Keshet is a national organization that works for LGBTQ equality in Jewish life. The organization equips Jewish leaders with tools to build LGBTQ-affirming communities, creates spaces for queer Jewish teens to feel valued and develop their own leadership skills, and mobilizes the Jewish community to fight for LGBTQ justice. Keshet’s blog spotlights this work, as well as the voices of LGBTQ Jews, our families, and allies.
Today’s post from Carson Gleberman of “Umm, About That..” offers advice from parents of LGBTQ children. If you’re looking for more support, check out the Keshet Parent & Family Connection.
Carson’s last post showed how small changes in language could be powerful signals that help open conversations, and listening for the question behind the question can help you get to the answer your kid really needs. But how do we get over our fear of sputtering to a confused stop, of making a mess in a sensitive situation?
My current and recent teen interviews revealed that parental willingness to show discomfort, surprise, and a lack of knowledge actually turn out to be seeds of strength to help their kids.
“One beautiful thing about my son is that through all these questions of mine he just kept bringing me information, articles, and websites. So I would advise any parent, always be open to learning more because it is amazing what you can learn from your children.” —MS
Seeing the parents “behind the curtain,” like the struggling Wizard of Oz, is fine as long as what they see is that you are indeed trying, or even thinking about trying.
“It’s universal that kids will complain about how their parents reacted [to coming out news], but that’s OK. Don’t feel shame or guilt over your first reaction. Deal with it honestly, and then just be supportive.”—AR
“It took me 4 years between realizing that I was queer and coming out. I don’t think it will take my parents quite that long. It’s been two years and they may still not be fully there, but it’s OK.”—AA
“I wanted my parents to at least acknowledge that they might move from where they were to a different place, but they wouldn’t, at first. We had terrible fights.”—IK
Awkward efforts may be especially valued.
“I was touched after I first came out that my parents obsessed over recommending movies with gay characters in them even if they were really bad movies. I didn’t want to watch them, or finish them if we had started, but I knew they were trying.”—EL
“It’s kind of awkward when my boyfriend comes over. [My dad] doesn’t know how to talk to him. [Not the same as when his older sister brought home her first boyfriend.] It’s weird because he doesn’t know if he should be all guy-to-guy with him, like ‘Hey, what’s up,’ or what. I can understand how he feels because even I think it’s weird that I should have a boyfriend sometimes.”—TA
With respect to our words, is it better to wait or jump in bravely?
“Parents are always growing emotionally too. With that comes better impulse control. Parents would do well to try to sit on their own feelings and rage and just listen.”—LB
“The first time we met the boyfriend, I could tell my son was really uptight. I don’t really interrogate the boyfriends of either my daughter or my son, and I could tell when I shook his hand that he was very bright and personable. But I knew they both were nervous. I empathized! I knew my job was to try to make the boyfriend more comfortable, or at least less uncomfortable.”—MA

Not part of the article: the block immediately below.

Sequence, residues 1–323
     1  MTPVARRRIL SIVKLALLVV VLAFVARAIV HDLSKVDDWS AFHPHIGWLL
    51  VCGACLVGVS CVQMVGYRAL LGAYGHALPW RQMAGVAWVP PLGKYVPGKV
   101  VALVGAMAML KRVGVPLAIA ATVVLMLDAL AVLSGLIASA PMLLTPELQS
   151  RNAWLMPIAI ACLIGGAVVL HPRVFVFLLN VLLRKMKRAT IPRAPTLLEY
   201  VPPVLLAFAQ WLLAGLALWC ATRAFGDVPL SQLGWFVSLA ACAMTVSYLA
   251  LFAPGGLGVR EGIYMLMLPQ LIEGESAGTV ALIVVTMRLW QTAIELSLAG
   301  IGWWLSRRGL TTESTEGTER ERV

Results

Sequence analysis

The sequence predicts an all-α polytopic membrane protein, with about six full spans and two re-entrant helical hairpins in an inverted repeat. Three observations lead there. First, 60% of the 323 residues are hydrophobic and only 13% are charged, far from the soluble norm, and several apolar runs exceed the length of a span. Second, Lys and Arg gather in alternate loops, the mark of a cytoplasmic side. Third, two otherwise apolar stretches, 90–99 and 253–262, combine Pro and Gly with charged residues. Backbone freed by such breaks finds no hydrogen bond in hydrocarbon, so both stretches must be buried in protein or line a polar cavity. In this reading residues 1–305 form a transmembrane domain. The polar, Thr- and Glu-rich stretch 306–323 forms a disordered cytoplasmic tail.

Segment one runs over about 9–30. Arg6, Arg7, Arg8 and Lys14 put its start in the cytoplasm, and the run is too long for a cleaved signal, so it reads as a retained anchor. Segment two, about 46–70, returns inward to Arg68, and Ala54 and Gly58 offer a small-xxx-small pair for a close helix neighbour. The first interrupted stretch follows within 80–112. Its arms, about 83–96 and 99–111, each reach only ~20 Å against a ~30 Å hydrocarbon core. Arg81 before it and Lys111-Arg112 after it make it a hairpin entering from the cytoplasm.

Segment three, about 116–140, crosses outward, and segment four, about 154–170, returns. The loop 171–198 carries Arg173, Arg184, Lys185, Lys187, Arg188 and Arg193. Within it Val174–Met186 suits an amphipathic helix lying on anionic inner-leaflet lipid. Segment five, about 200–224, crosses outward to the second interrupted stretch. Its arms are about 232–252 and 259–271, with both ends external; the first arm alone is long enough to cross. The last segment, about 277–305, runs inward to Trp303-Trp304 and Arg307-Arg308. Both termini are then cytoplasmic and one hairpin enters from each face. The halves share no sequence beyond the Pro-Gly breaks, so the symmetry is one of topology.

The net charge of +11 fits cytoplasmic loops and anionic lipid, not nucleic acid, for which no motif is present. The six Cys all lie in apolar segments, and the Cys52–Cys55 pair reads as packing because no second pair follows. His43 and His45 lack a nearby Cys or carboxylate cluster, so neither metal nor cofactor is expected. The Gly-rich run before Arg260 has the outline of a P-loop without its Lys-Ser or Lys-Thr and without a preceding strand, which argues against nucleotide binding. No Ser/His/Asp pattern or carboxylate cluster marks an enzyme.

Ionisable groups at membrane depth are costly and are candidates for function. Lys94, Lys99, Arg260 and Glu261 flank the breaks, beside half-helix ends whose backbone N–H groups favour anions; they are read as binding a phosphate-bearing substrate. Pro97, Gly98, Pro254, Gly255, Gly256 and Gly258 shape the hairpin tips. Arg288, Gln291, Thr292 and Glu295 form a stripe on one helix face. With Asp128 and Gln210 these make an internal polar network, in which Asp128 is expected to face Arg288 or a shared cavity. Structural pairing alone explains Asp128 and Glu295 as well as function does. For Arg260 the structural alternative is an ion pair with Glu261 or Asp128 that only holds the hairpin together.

Some of my sources felt there was a practical benefit of parental stumbling around their kids’ gender or orientation.
“Sometimes parents’ less-than-full acceptance or slowness in coming to acceptance can actually help prepare kids for the outside world. It’s a kind of tough love.”—LB
“You don’t want to teach your child that the world is an evil place, but there are definitely people out there who will call him names or be mean, and you have to prepare a kid for that somehow.”—SH
We don’t sugar-coat messages to our kids about the world’s expectations regarding punctuality, dress codes, job interview etiquette, the importance of human spell-checking, etc. In a closer parallel, as our kids start moving around independently, we teach them street-wise behavior to make them less-likely crime targets. But conformity to majority expectations or safe practices in these matters rarely threaten teens’ developing sense of self (despite what they may say about the stifling oppression of dress codes).
Gender and orientation, on the other hand, are central to identity.
And even young kids see that heterosexual and cis-gendered are “normal” and anything else is outside the majority, even if they have not directly seen and understood homophobia. So this calls for more nuance in the “real world” prep lessons from parents.
“As parents, we have fears, but if we ask for help we can reduce the problems our kids face… He knew I was confused but he also knew I was there for him no matter what. I think feeling your 100% support is very important for them, and then they become your support too.”—MS
“For parents who want their kids not to have such a hard life, if they know they have their parents full support it eliminates the hardest problem they’ll ever face.”—BK
“It’s how they show the worry that matters. If you assume the world is all homophobic, you want the kid to hide it, but the message that you shouldn’t have to hide it is much better.”—KP
“It’s important to acknowledge that a lot of parents have grief, even if they are progressive. You had a dream of your kid’s life, and now it won’t be like that. My mom was completely worried that I’d be lonely and sad. She went to a PFLAG meeting [see also Keshet‘s Parent & Family Connection], met other parents and found out that this wasn’t going to be the case. Then she became an activist.”—AR
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